Los Angeles’ much-hyped “Carmaggedon,” in which the 405 Freeway was closed over the weekend, was mostly a non-event. Instead of producing a chaotic, traffic-choked scene all over L.A., the unprecedented road closure resulted in an even more unprecedented scenario, in which huge numbers of Angelenos figured out something to do that (gasp!) didn’t require the use of a car or highway. Could this be the start of a drive-less movement in car-crazed southern California?
That’s what the Los Angeles Times is asking. What’ll people do while not driving around in cars? Largely, the same sorts of things they did this past weekend:
“You can suddenly hear people talking. You hear kids playing,” said L.A. County Supervisor Zev Yaroslavsky. “People discovered something about themselves and Los Angeles auto culture that shocked them. Why can’t we take some chunk of L.A. and shut it down to traffic on certain days or weekends, as they do in Italy?”
Carmaggedon, it turns out, didn’t cause mayhem. It did, however, force people to break their drive-first habits, and in the course caused them to question why they developed these habits in the first place. Questioning one’s habits is a first necessary step to changing one’s habits.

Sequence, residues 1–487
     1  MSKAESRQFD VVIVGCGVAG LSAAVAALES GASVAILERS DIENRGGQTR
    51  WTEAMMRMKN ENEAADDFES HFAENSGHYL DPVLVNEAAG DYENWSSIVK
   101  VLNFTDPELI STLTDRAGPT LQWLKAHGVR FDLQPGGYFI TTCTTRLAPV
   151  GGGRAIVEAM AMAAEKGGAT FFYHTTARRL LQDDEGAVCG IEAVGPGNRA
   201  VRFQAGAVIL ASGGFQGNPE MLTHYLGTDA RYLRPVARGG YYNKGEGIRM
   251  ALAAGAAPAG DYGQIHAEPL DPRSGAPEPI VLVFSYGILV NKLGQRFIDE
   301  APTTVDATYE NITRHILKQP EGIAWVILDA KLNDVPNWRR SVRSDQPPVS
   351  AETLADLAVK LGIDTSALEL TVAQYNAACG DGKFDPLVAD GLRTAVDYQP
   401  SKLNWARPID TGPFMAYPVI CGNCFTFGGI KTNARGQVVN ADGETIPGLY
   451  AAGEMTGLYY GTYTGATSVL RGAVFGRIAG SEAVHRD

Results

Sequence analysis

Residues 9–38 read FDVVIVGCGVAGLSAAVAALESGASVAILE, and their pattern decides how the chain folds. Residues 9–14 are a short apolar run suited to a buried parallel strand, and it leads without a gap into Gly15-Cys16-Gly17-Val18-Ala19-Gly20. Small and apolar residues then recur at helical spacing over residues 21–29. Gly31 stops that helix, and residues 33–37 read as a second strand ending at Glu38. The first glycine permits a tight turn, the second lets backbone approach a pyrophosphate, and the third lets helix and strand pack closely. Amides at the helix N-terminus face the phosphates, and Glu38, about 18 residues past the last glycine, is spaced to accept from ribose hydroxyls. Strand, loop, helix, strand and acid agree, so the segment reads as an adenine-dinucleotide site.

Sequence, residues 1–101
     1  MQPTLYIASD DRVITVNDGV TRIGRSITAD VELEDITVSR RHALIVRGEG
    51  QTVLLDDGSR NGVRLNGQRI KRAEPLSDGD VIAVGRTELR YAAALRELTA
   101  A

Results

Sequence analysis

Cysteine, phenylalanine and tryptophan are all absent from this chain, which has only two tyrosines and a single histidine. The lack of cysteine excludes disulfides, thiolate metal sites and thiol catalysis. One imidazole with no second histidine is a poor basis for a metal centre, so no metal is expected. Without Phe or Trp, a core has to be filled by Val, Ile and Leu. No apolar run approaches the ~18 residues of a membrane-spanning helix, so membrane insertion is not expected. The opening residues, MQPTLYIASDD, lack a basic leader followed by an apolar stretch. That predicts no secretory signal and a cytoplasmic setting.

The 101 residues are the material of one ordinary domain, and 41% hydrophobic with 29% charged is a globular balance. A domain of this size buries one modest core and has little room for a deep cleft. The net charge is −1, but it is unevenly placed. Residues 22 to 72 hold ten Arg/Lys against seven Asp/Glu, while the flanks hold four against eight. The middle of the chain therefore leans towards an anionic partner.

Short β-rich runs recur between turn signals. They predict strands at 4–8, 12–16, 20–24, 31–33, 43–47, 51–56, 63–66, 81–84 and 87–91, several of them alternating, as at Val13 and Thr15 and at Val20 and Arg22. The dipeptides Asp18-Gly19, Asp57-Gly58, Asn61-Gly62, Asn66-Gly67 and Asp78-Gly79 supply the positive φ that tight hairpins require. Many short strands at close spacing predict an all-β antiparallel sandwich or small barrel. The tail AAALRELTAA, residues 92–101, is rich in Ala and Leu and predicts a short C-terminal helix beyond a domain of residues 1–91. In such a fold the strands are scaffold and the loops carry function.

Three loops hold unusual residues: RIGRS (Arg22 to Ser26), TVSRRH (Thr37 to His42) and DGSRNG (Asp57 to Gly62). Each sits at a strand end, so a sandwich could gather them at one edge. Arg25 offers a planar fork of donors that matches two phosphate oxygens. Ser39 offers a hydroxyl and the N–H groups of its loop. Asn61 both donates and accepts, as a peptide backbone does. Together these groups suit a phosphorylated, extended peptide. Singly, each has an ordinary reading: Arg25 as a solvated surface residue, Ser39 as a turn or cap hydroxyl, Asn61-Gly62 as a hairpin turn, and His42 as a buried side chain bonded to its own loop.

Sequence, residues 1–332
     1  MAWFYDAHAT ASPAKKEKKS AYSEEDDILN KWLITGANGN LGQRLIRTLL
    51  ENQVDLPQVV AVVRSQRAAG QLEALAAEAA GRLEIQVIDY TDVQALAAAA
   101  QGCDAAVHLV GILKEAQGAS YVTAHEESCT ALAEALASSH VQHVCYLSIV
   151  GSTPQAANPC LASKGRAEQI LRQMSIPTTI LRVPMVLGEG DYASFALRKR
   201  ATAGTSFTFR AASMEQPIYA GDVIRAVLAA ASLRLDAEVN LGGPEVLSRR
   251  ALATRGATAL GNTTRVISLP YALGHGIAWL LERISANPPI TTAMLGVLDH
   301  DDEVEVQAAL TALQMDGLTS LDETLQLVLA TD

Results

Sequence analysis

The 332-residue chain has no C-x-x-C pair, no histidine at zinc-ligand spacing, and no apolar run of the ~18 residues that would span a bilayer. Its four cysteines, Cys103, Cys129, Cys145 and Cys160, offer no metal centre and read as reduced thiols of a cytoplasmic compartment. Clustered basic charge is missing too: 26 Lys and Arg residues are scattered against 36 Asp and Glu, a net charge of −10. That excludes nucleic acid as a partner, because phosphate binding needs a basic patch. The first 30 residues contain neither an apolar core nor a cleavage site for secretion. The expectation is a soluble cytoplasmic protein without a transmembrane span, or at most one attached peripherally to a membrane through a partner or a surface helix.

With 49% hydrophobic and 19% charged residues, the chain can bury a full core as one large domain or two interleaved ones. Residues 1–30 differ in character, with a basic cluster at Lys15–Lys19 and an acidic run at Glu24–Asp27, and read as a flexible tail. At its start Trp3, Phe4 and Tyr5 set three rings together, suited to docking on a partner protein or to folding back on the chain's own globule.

The hope is that Carmaggedon winds up being recast as Karmaggedon, in which locals increasingly seek good karma by driving less and walking and using bikes and public transportation more. Ideas like car-free zones and weekend road closures—for recreation and enjoyment, not repairs—are being floated.
Then again, in notoriously self-centered L.A., there are those who would pay lip service supporting a drive-less movement mainly so there will be fewer cars in their way—making it easier for them to drive all over the city anytime they want. Los Angeles writer D.J. Waldie offered his perspective:
“Appeals for car-free weekends may sound appealing, but from a somewhat cynical perspective, or a skeptical perspective, is that ultimately we hope that other people don’t drive as much,” Waldie said.
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